Chuck Berry – Chuck Berry Is On Top (1959)

The other day I was watching a video of Chuck Berry performing at the Blueberry Hill Restaurant and Bar in St. Louis in 2014. The legendary rocker looked nice in his satin shirt and captain’s hat, but man, it didn’t sound nice. Chuck more or less wandered around the stage, mumbling his lyrics and occasionally reaching down to strum the wrong note on his Gibson hollow-body. Then I looked up his age. Chuck Berry was born in 1926! This means he was still performing live at 88-years-old! Pardon my French, but that is motherf#@king rock ’n roll!

I don’t care if Chuck Berry today sounds like shit. The fact that he’s up there, living the dream, even as a deteriorating skeleton-sailor-man is the personification of rock. Hats off to you Mr. Berry. Now on to this week’s “Classic Album Tuesday” where I will be discussing one of Berry’s finest works.

The 1950s was an odd era for the “album.” Apart from jazz or classical musicians, most albums were nothing more than compilations of singles. The “album” didn’t take off as an art form until the 1960s, so most 1950s rock albums were a couple of the hits and then a bunch of covers or leftover junk. What’s special about Chuck Berry is he was a hit making machine. Seven of the twelve tracks on Chuck Berry is On Top were on the Billboard Hot 100 and there’s not a cover to be found.

Not only was Chuck a hitmaker, he had a presence. Few people were playing the guitar like Berry back then, with Bo Diddley being one of the few exceptions. So guess who also plays on this album? Yep, Bo Diddley. This stuff was raw, or at least as raw as you could get back in 1959. I think a great deal of credit goes to Chess records for making this happen.

If you’re not familiar with Chess Records, Chess was a record company founded by Polish immigrant brothers Leonard and Phil Chess, that over time became what Brownsville Station frontman and later music critic Cub Koda described as “America’s greatest blues label.” They even made a movie about it with Adrien Brody as Leonard Chess. I believe Mos Def plays Chuck Berry. I should watch it, but only if Mos Def duck walks. It ain’t a Chuck Berry movie if there’s no duck walking.

And these songs, what can I say? “Johnny B. Goode”, “Carol”, “Maybellene”, “Roll Over Beethoven.” It’s like the 1992 NBA “Dream Team” of songs. These are the songs that Berry built on a foundation of earth, wood and rock and roll. When I was taking guitar lessons as a teenager, the opening riff to “Johnny B. Goode” was one of the first things I learned. It’s amazing how much power Berry’s songs carry today and will continue to carry on.

Thanks, Chuck.

Favorite Tracks: “Carol”, “Johnny B. Goode”, “Roll Over Beethoven”

Stream Police Ep. 23: Monkeybone

Looks like Michael and John have come down with a severe case of “Brendanmania” in this week’s review of the 2001 Fantasy/Action/Adventure masterpiece Monkeybone. Listen to a couple of bonafide Fraserphiles express their admiration for Brendan Fraser’s most personal project. It’s time to get boned.

Freaky Fridays: The Stuff

The Stuff (1985)

If you’ve ever stumbled across this blog in a drunken stupor, you know I love horror movies. So much so that every year my fellow bloggers and I review 31 horror movies in October. Naturally, some films slip through the cracks, this is one of them. The VHS box to The Stuff is an image firmly burned into my memory. Tell me, how could you walk past this film at the video store (image posted above) without at least a second glance? “Why is marshmallow fluff pouring out of this man’s eye sockets?” Well past John, let me show you the way.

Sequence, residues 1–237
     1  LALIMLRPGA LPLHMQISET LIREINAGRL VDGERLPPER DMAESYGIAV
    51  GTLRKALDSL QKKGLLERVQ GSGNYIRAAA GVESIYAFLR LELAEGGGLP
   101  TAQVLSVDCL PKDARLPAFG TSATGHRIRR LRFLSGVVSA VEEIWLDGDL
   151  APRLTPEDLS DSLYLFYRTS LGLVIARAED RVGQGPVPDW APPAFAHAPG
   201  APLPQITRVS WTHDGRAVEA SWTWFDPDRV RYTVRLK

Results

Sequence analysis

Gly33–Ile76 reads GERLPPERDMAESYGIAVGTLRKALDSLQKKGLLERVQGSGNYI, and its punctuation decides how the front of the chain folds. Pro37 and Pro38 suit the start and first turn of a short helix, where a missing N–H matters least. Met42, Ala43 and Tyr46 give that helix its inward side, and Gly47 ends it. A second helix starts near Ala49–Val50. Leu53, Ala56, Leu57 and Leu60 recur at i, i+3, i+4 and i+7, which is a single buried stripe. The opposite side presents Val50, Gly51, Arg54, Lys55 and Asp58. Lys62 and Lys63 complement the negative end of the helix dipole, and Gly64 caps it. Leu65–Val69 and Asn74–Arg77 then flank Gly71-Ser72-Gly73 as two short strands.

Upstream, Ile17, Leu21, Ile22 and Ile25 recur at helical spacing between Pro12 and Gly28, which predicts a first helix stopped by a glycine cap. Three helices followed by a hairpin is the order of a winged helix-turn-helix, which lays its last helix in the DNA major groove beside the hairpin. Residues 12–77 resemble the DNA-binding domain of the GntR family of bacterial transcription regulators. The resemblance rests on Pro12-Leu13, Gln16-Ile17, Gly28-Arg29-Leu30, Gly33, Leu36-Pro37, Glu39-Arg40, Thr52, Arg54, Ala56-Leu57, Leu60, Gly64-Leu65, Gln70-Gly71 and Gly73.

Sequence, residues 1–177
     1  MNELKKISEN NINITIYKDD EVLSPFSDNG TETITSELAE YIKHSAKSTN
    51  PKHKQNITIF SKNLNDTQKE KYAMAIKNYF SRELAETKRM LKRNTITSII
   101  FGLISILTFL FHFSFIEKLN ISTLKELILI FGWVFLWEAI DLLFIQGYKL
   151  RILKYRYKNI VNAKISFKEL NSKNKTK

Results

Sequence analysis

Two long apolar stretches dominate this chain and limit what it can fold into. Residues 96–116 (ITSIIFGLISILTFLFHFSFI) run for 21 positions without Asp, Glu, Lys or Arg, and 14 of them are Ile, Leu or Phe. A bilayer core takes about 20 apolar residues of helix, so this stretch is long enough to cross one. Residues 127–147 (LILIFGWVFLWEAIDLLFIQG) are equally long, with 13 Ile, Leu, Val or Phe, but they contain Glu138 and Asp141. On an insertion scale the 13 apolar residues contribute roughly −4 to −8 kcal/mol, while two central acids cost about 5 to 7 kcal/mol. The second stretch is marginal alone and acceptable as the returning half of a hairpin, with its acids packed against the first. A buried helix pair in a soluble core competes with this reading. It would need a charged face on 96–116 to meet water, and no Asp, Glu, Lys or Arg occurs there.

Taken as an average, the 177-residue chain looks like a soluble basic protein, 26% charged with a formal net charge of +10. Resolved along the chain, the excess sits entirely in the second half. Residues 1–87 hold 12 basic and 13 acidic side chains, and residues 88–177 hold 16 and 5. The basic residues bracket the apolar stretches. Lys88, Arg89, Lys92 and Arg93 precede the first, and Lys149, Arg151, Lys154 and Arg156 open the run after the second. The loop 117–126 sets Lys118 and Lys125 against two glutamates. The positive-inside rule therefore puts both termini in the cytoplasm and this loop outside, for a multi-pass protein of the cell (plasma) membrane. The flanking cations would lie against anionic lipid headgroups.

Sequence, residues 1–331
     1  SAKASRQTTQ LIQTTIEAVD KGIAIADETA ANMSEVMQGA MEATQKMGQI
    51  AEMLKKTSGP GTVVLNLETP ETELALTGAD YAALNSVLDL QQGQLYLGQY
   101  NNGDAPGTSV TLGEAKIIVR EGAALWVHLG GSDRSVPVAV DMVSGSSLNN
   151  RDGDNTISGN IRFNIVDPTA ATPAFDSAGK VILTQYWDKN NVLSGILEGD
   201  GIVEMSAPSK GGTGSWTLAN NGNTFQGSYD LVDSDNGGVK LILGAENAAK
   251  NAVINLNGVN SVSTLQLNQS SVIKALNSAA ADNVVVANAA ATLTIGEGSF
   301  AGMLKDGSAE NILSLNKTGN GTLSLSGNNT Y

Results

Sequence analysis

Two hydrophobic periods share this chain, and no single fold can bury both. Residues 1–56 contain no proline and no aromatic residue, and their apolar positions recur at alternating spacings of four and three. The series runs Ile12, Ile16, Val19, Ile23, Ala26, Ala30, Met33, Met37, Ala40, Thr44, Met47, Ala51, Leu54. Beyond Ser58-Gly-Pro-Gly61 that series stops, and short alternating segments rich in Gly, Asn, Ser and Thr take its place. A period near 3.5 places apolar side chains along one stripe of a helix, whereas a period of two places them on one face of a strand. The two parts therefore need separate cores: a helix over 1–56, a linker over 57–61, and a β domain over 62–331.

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Freaky Fridays

Disclaimer: This post has nothing to with either the 1976 or 2003 version of the film Freaky Friday, my deepest apologies.

Earlier this week I alluded to a new weekly segment at Mildly Pleased and the time has come. We’ve had many segments over our eight years in existence; Classic Album Tuesdays, Top Ten Thursday’s, The People’s Albums, Obsessong, Retrospecticus and The Vault. Let’s not forget my favorite yearly tradition, Shocktober, where we spend 31 days reviewing 31 horror movies.

Recently, I was contemplating whether I could extend my love for Shocktober to all year round. An opportunity to discuss not only horror movies, but all kinds of cult cinema. An opportunity to delve into hard sci-fi, 80s action movies, Exploitation, Blaxploitation, Christploitation, and maybe a few Beastmaster films.

Think of this as a love letter to the VHS era. Many of the movies I will review will be ones I vividly remember sitting on shelves in colorful cardboard boxes. In fact, the name “Freaky Fridays” refers to what my Dad use to say when it was time to rent a video on a Friday night. It’s not because every Friday we switched bodies… Or did we?

My goal is to carry this new segment all the way to Shocktober. Whether I will continue it come November 2016 is unknown at this time. Hey, remember how we’re going to have a new president in November? *shudder. Let’s not get too freaky yet. Stay tuned.

Rokk Talk Ep. 03: So You Want to Be a Rock ‘n’ Roll Star

We all have a song in our hearts. The question is: do we all have a song worth hearing? Some of the celebs on this list seem to think so. This week, Colin and John talk about ill-fated heroes of Tinseltown who have attempted a transition from the silver screen to the bargain bin at the last Sam Goody in existence. From Shatner to Willis we have it locked down. It’s a party all the time at Rokk Talk!

P.S. R.I.P Alan Vega – frontman of Suicide – who is mentioned in this podcast. We miss ya already brother!